McCain is a member of the old guard, but he is joined by some newer faces among committee leaders who could carry the torch of aggressive, bipartisan oversight and investigation.
McCain and the top Democrat on his committee, Jack Reed of Rhode Island, point to a deeply ingrained culture at Senate Armed Services, with former leaders such as Levin and Virginia Republican John Warner.
“It's a continuity, because fortunately over many years under Democratic and Republican chairmen, it's been a bipartisan committee,” McCain says. “On the Armed Services Committee we have this long tradition. In some ways it would be viewed by members on both sides as a tremendous breach if we didn't maintain that.”
Says Reed: “In many of the efforts, Senator Levin and Senator McCain worked together. You’re looking at someone who’s done serious bipartisan investigation of tough problems, shedding light on problems that wouldn’t otherwise be discovered.”
Chaffetz says he admires the approach of Coburn, whom he thinks exemplifies the “tough but fair” philosophy he follows. He even hired a former Coburn staffer, Andrew Dockham, to be his general counsel.
While on the Oversight and Government Reform Committee, Chaffetz has been at the forefront of digging into matters that annoy Democrats, like the 2012 attack on the U.S. consulate in Benghazi, Libya.
And some of the issues he wants to examine as chairman, such as the 2010 health care law or the Internal Revenue Service scrutiny of nonprofits, are sure to continue annoying them.
But Chaffetz also says his committee is done with Benghazi, now the subject of a separate House select committee investigation. He points to his agreement with Obama on some topics, such as Cuba, and his work with Democrats on other topics, such as prison reform. Last year he did a “district swap” with the panel’s top Democrat, Elijah E. Cummings of Maryland, where they each visited one another back home.
“If you earn a reputation for calling balls and strikes as you see them, I think you gain a lot of credibility. Hopefully I’ve done that through the years,” he says. “I hope the authenticity of my positions is readily apparent and builds bridges rather than blow them up.”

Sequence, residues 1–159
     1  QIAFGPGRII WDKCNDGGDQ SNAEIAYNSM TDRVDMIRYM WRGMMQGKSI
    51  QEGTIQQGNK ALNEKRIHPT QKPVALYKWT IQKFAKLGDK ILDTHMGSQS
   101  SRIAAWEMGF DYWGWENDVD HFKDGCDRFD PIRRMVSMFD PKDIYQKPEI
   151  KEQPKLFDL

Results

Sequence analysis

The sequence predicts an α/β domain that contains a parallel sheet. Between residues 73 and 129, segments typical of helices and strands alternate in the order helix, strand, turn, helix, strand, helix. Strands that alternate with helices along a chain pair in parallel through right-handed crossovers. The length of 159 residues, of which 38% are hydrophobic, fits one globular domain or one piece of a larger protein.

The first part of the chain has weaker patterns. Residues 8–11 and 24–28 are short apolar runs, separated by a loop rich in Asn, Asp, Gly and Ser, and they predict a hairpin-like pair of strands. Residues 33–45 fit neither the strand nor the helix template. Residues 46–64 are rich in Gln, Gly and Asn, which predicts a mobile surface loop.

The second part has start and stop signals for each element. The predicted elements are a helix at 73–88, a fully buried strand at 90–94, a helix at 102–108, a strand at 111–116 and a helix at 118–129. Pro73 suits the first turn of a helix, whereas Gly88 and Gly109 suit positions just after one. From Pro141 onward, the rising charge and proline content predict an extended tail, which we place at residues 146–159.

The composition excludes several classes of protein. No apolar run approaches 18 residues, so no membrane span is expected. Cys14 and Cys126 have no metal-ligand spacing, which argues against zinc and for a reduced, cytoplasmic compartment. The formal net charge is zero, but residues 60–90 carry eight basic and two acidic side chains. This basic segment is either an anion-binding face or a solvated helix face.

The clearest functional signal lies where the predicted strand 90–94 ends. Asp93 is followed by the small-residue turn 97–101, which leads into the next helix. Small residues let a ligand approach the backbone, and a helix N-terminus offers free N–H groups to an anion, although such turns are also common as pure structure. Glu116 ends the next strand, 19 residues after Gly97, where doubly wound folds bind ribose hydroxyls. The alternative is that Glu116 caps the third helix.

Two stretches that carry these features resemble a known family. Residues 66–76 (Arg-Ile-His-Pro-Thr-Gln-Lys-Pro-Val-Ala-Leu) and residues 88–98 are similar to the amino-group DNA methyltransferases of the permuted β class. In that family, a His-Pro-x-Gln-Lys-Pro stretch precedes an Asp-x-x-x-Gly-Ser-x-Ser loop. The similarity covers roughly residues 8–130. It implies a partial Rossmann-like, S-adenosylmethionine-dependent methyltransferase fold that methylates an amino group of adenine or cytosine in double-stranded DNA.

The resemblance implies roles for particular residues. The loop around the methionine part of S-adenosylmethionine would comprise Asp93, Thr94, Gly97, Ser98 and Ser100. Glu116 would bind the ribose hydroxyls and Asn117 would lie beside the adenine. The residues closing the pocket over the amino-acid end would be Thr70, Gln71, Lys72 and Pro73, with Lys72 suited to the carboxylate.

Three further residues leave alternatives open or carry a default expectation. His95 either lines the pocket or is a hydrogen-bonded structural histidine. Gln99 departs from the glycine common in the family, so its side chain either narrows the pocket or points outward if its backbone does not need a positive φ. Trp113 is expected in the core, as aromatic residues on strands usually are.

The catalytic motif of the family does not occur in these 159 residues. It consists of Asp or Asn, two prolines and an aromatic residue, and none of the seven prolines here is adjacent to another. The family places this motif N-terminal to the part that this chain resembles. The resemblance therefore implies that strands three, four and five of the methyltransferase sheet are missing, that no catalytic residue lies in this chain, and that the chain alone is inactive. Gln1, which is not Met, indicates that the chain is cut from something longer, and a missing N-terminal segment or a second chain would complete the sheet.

That said, Chaffetz expected the Democratic fight over committee rules because he had talked with them about it in advance. At that Jan. 27 markup of committee rules, Chaffetz refused to give up his unilateral subpoena power. Democrats say Issa abused that authority, which a number of House committees have adopted in 2015 and which has troubled many advocates of bipartisan oversight.
Chaffetz says he intends to consult Democrats on those subpoenas, but wouldn’t relinquish his authority simply to appease Democrats.
Waxman, a member of the departed corps of veteran congressional interrogators, decried the GOP consolidation of subpoena power in a Washington Post op-ed on Feb. 6. “This is an invitation to abuse that diminishes the prospect for responsible congressional oversight,” he wrote. “Unfortunately, this ill-fated move has received virtually no attention.”
Although Chaffetz believes he can work with Democrats on issues such as the Secret Service or the powers of inspectors general, he says that sometimes they won’t be happy.
“I don't want the Democrats to cry foul just because we’re looking at the Obama administration,” he says. “He won the election. He’s the president. We are the check and balance. To do our job under the Constitution, we’re supposed to be asking tough questions.”
Corker, for his part, says a pre-existing relationship with the top Democrat on Foreign Relations, Robert Menendez of New Jersey, will make the oversight better. “Our default position is always to do first everything we can with the minority side,” Corker says, “which is what they did when they were in the majority.”
One of Corker's priorities will be to restore passage of a regular State Department authorization bill, a key vehicle for committee oversight of an agency. “It's essential,” he says. “It's actually, let's face it, one of our primary obligations here. It's really hard to believe we haven't passed one in 13 years.”
Holding to Account
The Project on Government Oversight has previously offered oversight and investigative training to staff members from both parties, but in December it formed a new Congressional Oversight Initiative to expand that.
“We saw that this last Congress, a significant number of congressional oversight leaders retiring from office, and along with that a lot of their staff, which worried us,” says Danielle Brian, executive director of POGO.
The group’s initiative draws on a network of Hill oversight veterans, some of who worked in Congress as far back as the 1980s, Rood says. The program recently produced an analysis of committee rules that it shared with Hill staff members, and plans to offer other services as well.
“It’s not news that in recent years, the legislative branch has struggled to hold the executive branch to account,” Rood says. “We’re trying to keep the flame from dying.”
A lingering question will be whether the caliber of hard-nosed, unbiased investigation will be affected by the 2016 presidential race. “Elections can get in the way, but we can't go into hibernation because there’s going to be a new president in town,” Chaffetz says.
“I would ask the same hard questions whether it was President [Mitt] Romney or President Obama,” he says. “My guy lost. I’m over it and we've got a job to do. We’ve got so many topics to go through. There’s a nearly $4 trillion budget, and with millions of employees somebody is always doing something stupid somewhere.
“I gotta do my job, and they might try to assess motivations, but all I’m trying to do is root out waste, fraud and abuse,” Chaffetz says.